Molybdates


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Molybdates

 

salts of molybdic acids. Two types of molybdates are known: normal molybdates (salts of molybdic acid, H2MoO4) and polymolybdates (salts of isopolymolybdic acids). All normal molybdates, except the molybdates of alkali metals and magnesium, are poorly soluble in water. The most important soluble molybdate is Na2MoO4, which is used in the manufacture of dyes and varnishes; soluble molybdates are widely used as trace fertilizers.

Naturally occurring calcium, iron, and lead salts are among the most valuable poorly soluble molybdates. Calcium molybdates are also used to introduce molybdenum in the manufacture of alloy steels. Examples of isopolymolybdates include sodium di-, tri-, and tetra-molybdates, Na2Mo2O7, Na2Mo3O10, and Na2Mo4O13, respectively. Polymolybdates such as sodium paramolybdate, Na6Mo7O24 · xH2O, and ammonium paramolybdate, (NH4)6Mo7O24 · xH2O, have acquired wide practical significance. The latter is usually the final product in the processing of molybdenum concentrates and is widely used as a reagent.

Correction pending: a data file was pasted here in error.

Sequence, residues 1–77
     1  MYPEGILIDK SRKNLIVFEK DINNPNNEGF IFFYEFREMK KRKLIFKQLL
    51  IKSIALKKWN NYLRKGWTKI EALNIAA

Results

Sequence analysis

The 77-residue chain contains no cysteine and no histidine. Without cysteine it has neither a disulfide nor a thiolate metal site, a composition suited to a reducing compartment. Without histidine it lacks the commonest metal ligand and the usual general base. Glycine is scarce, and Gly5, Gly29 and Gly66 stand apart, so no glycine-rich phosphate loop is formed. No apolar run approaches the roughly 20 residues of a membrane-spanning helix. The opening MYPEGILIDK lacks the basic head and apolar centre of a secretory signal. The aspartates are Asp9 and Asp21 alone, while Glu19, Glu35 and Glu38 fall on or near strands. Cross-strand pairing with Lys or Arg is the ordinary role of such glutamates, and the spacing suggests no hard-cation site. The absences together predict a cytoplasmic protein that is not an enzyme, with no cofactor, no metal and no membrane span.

A. N. ZELIKMAN

References in periodicals archive ?
3], or, in other cases, involve the formation of insoluble salts such as phosphate, molybdate, and silicate with zinc or calcium ions due to the prevailing alkaline conditions at the cathode.
Sodium molybdate is well suited as a non-toxic, anodic (pitting) corrosion inhibitor of steel (Rey et al.
Korobov, VI, Loshkarev, YM, Kozhura, OV, "Cathodic Treatment of Galvanic Zinc Coatings in Solutions of Molybdates.
Molybdates are known to passivate a steel substance by forming a ferrous molybdate layer.
Modern pigments include modified zinc phosphates and various proprietary non-toxic pigments, such as phosphates, molybdates, silicates, borates, and ion exchange.
Inorganic pigments include carbon black, titanium dioxide, iron oxide, lead chromates and molybdates, mixed metal oxides, chromium oxide, and ultramarines.
Organic-based products will remain the largest type in value terms, although molybdates and silicates will experience faster growth.
In addition, readers get a close look at the hydrothermal synthesis of zeolites, fluorides, sulfides, tungstates, and molybdates, as well as native elements and simple oxides.